Tuesday, March 10, 2015

How NOT to Kill a Tree!



"The best time to plant a tree was 20 years ago.
The second best time is now."

Whether providing cool shade in the heat of summer, beautiful blossoms or fruit, trees are truly one of the wonders of nature.  With spring upon us it's a great time to plant a few trees in your landscape or add a few to your orchard. 

There are basically three options when choosing a tree:  bare root, balled & burlap, or container trees. 

Bare Root:

  •  Come with no soil around the roots and are to be planted when dormant
  • More economical
  • No girdling or circling roots
  • Easy to handling and work with
  • I believe they surpass the growth of others trees and are the best option especially for fruit trees
  • Not as many landscape species are available bare root


Balled & Burlap:



  • Dug with ball of soil around the roots and are wrapped in burlap and a wire basket
  • 2" to 3" caliber trees (trunk width) are best for landscape
  • Allows you to plant a more mature tree
  • Be sure to cut off the wire and remove the burlap
  • Be sure the root collar is above the soil level
  • Heavier and more difficult to plant

 Container Trees



  • These are the most common type found at nurseries
  • Be sure to pull tree out of the container and look for circling or girdling root.  They will kill the tree down the road.
  • These have a limited root system
  • Be sure they are not planted to deep.  You should be able to see the root flare or grafting union above the soil


Fall in the orchard absolutely gorgeous!

General Rules on Growth


1st year they sleep  (all the energy is devoted to root system)
2nd year thy creep (you will notice slow growth)
3rd year they leap (you will notice lots of growth)

General Planting Principles

  • Make planting hole for container and balled and burlap 2-3 times WIDER than the root ball with sloping side
  • Do NOT dig the hole too deep.  You want the root flair above ground level.
  • The bottom of the hole should be firm undisturbed soil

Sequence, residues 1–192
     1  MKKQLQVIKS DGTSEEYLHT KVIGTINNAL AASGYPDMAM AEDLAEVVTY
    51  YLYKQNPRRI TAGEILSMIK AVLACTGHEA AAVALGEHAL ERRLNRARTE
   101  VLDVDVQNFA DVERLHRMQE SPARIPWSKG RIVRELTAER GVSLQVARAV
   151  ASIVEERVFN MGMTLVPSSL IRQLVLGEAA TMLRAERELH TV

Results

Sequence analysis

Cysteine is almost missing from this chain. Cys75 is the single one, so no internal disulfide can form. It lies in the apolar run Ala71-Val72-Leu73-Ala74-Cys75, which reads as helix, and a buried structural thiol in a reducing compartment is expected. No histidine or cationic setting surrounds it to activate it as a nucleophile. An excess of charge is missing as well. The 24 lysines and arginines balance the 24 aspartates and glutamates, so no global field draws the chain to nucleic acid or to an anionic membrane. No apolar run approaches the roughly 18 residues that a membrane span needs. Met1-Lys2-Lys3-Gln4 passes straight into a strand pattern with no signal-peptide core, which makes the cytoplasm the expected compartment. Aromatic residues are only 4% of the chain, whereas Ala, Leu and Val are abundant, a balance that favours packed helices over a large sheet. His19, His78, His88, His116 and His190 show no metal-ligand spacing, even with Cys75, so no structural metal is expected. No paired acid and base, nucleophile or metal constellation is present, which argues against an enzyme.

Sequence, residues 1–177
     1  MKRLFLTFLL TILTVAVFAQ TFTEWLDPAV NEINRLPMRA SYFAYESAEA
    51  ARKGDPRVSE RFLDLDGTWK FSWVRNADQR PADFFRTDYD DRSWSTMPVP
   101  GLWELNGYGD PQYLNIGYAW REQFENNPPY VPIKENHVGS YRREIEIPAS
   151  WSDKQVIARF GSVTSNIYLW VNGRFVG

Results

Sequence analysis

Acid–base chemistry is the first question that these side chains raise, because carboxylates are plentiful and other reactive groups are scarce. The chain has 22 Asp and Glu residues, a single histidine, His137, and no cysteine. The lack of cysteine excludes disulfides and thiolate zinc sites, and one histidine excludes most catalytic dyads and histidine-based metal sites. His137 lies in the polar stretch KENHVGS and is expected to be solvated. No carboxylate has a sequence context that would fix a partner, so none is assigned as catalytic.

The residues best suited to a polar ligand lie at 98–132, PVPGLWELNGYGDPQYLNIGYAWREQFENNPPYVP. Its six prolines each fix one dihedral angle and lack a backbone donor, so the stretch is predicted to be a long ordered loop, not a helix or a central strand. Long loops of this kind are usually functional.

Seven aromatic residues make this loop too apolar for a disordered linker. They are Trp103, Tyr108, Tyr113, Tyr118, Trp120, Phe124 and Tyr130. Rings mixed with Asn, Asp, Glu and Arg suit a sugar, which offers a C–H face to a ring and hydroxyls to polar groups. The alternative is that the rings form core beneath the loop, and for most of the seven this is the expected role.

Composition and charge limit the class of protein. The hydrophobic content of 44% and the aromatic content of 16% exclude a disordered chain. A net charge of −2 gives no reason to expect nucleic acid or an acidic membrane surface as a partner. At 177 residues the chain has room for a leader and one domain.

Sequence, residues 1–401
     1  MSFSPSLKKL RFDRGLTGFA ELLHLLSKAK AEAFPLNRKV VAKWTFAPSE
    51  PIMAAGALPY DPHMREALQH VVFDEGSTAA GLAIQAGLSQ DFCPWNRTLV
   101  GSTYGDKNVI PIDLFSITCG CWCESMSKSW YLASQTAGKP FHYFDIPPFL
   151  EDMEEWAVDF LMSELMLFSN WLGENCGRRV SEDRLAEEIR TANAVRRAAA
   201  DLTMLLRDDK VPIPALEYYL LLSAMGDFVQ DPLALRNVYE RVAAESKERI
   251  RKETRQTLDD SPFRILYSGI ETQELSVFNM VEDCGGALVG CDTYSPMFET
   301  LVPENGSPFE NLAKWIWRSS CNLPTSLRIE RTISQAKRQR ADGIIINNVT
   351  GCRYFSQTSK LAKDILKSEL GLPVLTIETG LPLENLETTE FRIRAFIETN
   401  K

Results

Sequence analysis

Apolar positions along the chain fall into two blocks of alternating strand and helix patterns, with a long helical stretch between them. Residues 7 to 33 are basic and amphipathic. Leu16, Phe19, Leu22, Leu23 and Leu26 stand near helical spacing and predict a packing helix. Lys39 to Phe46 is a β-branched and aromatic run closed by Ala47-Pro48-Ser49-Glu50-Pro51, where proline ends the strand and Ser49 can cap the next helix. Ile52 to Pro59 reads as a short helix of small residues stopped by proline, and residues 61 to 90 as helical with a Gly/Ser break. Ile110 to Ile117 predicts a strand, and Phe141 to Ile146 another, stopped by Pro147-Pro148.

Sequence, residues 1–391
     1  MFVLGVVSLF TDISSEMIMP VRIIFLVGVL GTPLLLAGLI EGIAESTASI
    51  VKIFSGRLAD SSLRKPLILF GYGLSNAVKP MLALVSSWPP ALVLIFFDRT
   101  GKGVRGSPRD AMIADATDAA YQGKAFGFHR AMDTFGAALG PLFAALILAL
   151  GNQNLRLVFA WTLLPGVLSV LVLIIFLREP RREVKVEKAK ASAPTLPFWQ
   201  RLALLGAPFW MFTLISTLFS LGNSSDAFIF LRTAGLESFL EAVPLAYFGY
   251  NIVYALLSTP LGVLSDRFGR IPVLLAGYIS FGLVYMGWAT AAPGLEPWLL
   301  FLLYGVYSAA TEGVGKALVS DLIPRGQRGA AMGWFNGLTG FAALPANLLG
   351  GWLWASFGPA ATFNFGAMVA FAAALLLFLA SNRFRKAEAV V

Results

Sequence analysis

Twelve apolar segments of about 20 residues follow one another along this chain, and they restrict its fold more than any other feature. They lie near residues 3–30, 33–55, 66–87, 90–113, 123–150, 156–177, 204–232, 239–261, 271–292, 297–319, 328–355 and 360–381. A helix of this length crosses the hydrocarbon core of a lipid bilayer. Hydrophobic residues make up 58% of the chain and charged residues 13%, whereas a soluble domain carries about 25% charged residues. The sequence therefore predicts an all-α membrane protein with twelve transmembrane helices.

• Do not amend the soil more than 25 % with compost it is best to  plant in native soil so roots do not decide to stay in the amended soil area begin growing in a circular pattern. 
  • Roots tend to grow outward not downward
  • Back fill with soil dug from the hole 
  • Do not fertilize the first year and then only on an as needed basis

 
Trees are beautiful in any season.  Winter in the orchard.

Mulching

Mulching is very important and often overlooked.  Mulch conserves moisture, moderates soil temperature, and reduces weeds.  
  • Do NOT put down a plastic before applying the mulch.  
  • It will not allow for drainage and air movement. 
  •  Apply 2-3 inches of a decorative mulch or compost.  
  • Do not put mulch right up next to the trunk.  

 

Watering

  • Regular water is necessary and important the first 2 years while your tree is establishing a healthy roots system.
  • Water new trees every 5-7 days
  • Established trees can tolerate a wider rage of conditions
  • Fruiting trees need regular watering to size and sweeten fruit and avoid stress




Things to Avoid

  • Avoid planting landscape trees in the middle of the lawn
  • Avoid damaging trunk with a weed whacker or mowing equipment
  • Avoid stacking objects where roots are
  • Never top a tree when pruning

Things to keep in mind when choosing the site and tree

  • Know your zone and plant species appropriate for your area
  • Know the height and width of the mature tree before choosing a site
  • Do not plant too close to the house, other structures or power lines


Pruning

Never prune without a reason!!!!!!!

Reasons To Prune

  • Remove dead or damaged wood
  •  Eliminate rubbing or crowded branches
  • Eliminate hazards
  • Develop a strong structure
  • In fruit trees, to increase light and air flow

Go out on a limb and plant some trees this season!
 

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